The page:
How Dominion Diamond was bled Canada-Dry

Rob Bates

What do you do when you have $180 million in diamonds and can’t sell them?

That’s the problem facing Dominion Diamond Mines, according to an affidavit from Kristal Kaye, its chief financial officer. The company—which owns the Northwest Territories, Canada–based Ekati mine, as well as 40% of nearby Diavik—filed a petition for insolvency protection on Wednesday April 22.

Dominion is currently sitting on stones with a “book value” of $180 million, Kaye said. But with the Indian and Belgian markets closed—and India considering a month-long rough import ban—that big pile of gems is gathering dust. Of course, book value is not an absolute concept. Even when markets open up, “the prices which Dominion Belgium is able to achieve in its diamond sales may be below what has previously been anticipated, or may not be sufficiently economic to merit sales for some period of time,” Kaye admitted.

Plus, like so many businesses that have been put on hold, Dominion still has to pay its bills. On March 19, it put Ekati on care and maintenance, leading to a 400-person reduction in its workforce. But even care and maintenance incurs “material costs,” Kaye said.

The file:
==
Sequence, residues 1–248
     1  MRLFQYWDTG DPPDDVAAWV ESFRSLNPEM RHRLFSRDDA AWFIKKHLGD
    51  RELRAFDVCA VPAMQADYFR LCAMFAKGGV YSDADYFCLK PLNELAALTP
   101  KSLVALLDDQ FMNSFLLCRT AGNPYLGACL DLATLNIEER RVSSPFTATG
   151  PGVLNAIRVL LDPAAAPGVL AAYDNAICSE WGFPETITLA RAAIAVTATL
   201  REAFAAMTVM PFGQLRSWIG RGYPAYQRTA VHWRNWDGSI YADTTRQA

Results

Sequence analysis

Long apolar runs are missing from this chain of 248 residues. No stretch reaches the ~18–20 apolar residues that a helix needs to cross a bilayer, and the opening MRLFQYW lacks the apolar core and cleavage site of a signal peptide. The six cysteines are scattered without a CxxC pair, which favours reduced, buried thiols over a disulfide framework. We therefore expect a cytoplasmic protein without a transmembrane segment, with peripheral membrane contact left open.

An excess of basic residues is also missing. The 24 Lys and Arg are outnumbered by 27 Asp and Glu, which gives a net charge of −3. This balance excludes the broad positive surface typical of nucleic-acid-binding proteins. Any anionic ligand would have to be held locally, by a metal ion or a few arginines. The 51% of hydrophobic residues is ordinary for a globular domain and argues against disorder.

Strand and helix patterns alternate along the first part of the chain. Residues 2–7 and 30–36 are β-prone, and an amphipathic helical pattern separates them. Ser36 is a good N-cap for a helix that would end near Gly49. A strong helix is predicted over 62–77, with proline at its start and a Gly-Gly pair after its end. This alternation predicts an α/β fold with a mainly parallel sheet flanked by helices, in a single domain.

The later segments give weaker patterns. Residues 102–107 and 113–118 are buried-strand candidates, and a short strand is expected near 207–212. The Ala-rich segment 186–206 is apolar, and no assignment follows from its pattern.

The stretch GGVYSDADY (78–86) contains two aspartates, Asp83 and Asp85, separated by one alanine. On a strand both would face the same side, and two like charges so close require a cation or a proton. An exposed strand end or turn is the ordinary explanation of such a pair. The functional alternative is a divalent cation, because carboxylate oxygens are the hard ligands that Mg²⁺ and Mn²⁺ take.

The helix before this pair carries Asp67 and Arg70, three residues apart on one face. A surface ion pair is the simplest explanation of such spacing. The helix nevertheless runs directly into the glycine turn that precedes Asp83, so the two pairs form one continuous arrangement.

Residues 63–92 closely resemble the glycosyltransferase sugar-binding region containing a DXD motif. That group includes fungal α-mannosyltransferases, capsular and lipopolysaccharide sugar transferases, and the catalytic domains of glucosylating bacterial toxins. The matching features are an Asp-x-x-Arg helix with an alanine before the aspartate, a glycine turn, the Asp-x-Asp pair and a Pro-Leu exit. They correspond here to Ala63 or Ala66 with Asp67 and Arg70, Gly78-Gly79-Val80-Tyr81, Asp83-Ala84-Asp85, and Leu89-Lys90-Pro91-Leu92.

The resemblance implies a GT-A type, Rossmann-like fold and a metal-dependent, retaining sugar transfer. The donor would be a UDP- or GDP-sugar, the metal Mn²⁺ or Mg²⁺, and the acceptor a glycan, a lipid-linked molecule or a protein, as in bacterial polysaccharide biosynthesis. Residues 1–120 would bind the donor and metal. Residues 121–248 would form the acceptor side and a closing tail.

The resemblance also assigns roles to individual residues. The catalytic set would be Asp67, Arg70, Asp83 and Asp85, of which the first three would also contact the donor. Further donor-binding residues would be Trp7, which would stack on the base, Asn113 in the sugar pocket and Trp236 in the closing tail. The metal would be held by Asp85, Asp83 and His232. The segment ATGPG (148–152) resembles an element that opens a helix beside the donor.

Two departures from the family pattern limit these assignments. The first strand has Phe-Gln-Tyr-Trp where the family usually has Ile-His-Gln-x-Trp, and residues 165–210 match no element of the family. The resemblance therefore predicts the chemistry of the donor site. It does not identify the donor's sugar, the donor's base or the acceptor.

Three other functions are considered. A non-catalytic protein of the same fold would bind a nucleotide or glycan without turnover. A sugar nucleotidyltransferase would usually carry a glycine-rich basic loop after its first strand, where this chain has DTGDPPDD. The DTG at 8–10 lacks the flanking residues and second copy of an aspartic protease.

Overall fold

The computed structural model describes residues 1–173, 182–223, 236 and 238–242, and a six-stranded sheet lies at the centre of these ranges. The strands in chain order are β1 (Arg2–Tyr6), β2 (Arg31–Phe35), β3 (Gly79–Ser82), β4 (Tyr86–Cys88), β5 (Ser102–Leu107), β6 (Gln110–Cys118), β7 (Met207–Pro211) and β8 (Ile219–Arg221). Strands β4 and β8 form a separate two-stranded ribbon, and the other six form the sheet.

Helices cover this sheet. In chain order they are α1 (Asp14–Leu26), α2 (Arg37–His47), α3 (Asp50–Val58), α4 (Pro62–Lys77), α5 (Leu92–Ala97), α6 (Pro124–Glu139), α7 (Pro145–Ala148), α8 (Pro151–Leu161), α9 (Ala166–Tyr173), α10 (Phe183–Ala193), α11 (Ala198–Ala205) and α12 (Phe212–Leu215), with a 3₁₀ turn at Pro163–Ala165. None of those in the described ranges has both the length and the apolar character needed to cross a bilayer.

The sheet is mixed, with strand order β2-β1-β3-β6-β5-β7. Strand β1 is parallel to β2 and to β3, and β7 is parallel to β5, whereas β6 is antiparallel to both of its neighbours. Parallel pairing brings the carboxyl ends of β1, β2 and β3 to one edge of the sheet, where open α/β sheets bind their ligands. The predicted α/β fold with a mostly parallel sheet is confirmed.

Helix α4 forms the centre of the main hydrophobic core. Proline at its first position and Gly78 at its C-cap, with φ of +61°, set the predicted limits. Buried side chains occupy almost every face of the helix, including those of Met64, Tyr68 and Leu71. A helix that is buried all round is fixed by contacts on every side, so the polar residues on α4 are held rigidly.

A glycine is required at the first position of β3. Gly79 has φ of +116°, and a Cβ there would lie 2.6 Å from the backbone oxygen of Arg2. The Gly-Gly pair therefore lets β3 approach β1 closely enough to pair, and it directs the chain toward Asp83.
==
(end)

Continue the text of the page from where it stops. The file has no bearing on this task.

Diavik, however, is still running. On Wednesday April 22, Dominion missed a regularly scheduled CAD 16 million payment to fund mine operations, breaching its agreement with joint-venture partner Rio Tinto.

Dominion also has a $20 million interest payment due May 1. It can’t make that, either, Kaye said.

Even though Dominion now faces a “liquidity crisis,” Kaye argued it still owns valuable assets—in 2019, a terrible year for the diamond business, it generated $528 million in sales and $151 million in EBITDA. Yet for all this, there’s a larger issue, which some think made this filing inevitable: Dominion has loads of debt.

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Source JCK Online